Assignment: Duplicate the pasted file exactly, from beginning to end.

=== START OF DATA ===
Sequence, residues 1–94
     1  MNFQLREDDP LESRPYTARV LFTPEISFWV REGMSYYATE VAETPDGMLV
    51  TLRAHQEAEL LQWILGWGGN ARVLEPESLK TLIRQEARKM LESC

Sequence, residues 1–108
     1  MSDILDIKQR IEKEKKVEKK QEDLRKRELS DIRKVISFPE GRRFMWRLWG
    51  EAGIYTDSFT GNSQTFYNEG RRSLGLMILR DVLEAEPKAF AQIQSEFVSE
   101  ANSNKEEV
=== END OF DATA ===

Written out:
Sequence, residues 1–94
     1  MNFQLREDDP LESRPYTARV LFTPEISFWV REGMSYYATE VAETPDGMLV
    51  TLRAHQEAEL LQWILGWGGN ARVLEPESLK TLIRQEARKM LESC

Sequence, residues 1–108
     1  MSDILDIKQR IEKEKKVEKK QEDLRKRELS DIRKVISFPE GRRFMWRLWG
    51  EAGIYTDSFT GNSQTFYNEG RRSLGLMILR DVLEAEPKAF AQIQSEFVSE
   101  ANSNKEEV